Freelance life, Maslen on Marketing

Don’t just do something, sit there

Let me ask you a question.

Thinking back over your last full working day, how long did you spend doing just that? Thinking.

a) More than two hours? Oh, come on!

b) Between five minutes and half an hour? More likely.

c) Too busy? You belong to the 99.9% club.

The sad fact is that we’re all too busy to think. I don’t mean that quick daydream about the gorgeous new hunk/hunkette in sales. Or the idle speculation about what you’d do if you won the lottery.

No, I mean the creative kind of thinking. Either where you start off from a challenge: “How can I get more business this month?” Or where you just free-associate, wondering about how the world works.

Occasionally there’s an employer who actively encourages its people to spend time doing nothing (though let’s be honest, thinking – really thinking – is hardly doing nothing). But my experience is that the more likely response is, “Oi! Stop lying around and get on with something.”

But without occasional pauses for thought, how will we ever innovate? (I believe that’s quite a fashionable concept in management circles these days.) How will we ever go beyond ‘the way we do things around here’? How will we ever keep ourselves interested in doing our jobs?

Think about headlines

Let’s take an example. Conference marketing. You may not be involved in this sector but that doesn’t matter. Just go with me for a minute or two.

Most conference companies (including the ones I work for) tend to use a standard format for their promotions. That extends to the headline.

Suppose you are running a conference on wireless networks. And it’s going to be held in 2006. I’m willing to bet my favourite Taylor guitar against your signed Buster Keaton print from The General, that your headline is…wait for it…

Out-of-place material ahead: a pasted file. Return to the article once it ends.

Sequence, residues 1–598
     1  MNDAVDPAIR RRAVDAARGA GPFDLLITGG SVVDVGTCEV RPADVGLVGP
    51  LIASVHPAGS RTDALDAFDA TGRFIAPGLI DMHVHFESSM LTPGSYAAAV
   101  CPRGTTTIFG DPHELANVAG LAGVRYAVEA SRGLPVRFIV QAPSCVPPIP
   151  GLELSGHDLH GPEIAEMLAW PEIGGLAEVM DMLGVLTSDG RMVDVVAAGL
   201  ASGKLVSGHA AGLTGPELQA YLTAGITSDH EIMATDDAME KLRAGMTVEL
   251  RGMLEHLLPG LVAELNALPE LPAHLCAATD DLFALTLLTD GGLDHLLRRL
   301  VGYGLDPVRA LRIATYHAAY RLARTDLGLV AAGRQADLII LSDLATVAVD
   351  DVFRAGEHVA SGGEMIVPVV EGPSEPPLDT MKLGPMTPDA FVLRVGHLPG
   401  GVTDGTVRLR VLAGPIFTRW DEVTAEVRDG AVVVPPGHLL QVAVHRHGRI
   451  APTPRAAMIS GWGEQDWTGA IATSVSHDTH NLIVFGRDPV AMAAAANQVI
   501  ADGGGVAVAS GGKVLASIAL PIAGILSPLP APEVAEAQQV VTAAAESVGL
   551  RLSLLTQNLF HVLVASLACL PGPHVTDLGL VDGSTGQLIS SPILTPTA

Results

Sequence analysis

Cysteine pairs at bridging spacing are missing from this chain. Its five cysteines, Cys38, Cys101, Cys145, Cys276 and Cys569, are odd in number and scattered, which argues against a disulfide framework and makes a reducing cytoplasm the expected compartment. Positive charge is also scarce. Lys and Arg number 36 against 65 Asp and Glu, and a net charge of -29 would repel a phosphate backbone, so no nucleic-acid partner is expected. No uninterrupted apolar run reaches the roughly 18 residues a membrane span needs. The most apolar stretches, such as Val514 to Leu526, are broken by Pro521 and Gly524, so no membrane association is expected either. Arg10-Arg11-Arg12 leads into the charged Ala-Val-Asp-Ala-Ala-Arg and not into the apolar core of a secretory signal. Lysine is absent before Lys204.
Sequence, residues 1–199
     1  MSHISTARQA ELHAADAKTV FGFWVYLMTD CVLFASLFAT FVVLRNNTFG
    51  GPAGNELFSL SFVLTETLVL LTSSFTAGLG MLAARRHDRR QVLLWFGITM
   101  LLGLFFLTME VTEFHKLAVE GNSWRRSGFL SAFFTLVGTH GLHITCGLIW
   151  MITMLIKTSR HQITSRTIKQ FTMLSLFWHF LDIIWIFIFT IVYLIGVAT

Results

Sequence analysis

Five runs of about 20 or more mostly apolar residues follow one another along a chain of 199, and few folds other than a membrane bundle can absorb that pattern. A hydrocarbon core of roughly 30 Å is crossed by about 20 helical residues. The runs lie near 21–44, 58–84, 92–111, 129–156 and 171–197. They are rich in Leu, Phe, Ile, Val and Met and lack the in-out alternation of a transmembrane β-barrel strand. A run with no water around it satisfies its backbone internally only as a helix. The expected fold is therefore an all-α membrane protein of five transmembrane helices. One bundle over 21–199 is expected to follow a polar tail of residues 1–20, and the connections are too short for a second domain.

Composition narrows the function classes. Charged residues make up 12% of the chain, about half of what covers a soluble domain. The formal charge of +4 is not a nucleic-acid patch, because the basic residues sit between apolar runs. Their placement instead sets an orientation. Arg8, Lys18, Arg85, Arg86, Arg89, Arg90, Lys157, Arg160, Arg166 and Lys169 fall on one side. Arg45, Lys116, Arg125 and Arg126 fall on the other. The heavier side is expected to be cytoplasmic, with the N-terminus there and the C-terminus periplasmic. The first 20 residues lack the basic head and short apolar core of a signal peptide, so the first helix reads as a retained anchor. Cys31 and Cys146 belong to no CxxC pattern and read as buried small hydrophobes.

Wireless Networks

Lest you think I am merely being critical, I should point out that that’s what I do for my conference clients. It’s in the brief. But what about trying to engage the reader’s own imagination? What else could we write? How about…

In just 24 hours you could meet the wireless clients who will get you your first Porsche

Give us 24 hours of your time and we’ll help your wireless network take wing

The world’s biggest wireless network companies are waiting to meet you

Golf handicap suffering? Come to Wireless Networksand improve it

(Oh, and do a little business too)

Turn on the wireless

…and hear how you could double your profits next year

Just a thought.

A new way to gather customer insights

And how about your customers. I tend to batter on about gaining customer insights. My usual tack is to adjure you to go and meet some. So how about this instead.

Sit back and relax.

Close your eyes.

Call them to mind.

Imagine them talking to you. What do they look like? How do they sound?

Ask them about themselves.

In other words, use your imagination. It’s how the world’s greatest (and, actually, crappiest) novelists do it. You’ll find more vibrant, closely described and realistic characters in Middlemarch, American Psycho or To Kill a Mockingbird than in many advertising briefs.

Not real people? Sure, I’ll give you that. But then, nor are the designated recipients of much business and sales writing, to judge from the drear, spiritless tat foisted on them by too-busy-to-think corporate writers.

And my point is?

In today’s time-deprived universe, many people struggle to think about what to eat for lunch. Luckily pre-written sandwich menus let them off the hook. But what about business? If all we can manage is to order up “the usual” – another BLT marketing campaign – we are selling ourselves, our business and our customers short.

Which means we need to start thinking again. Wondering. Daydreaming. Letting our synapses flash for a while without expecting ‘deliverables’.

So the next time your boss asks you what you’re doing. Just tell them. “I’m thinking.”

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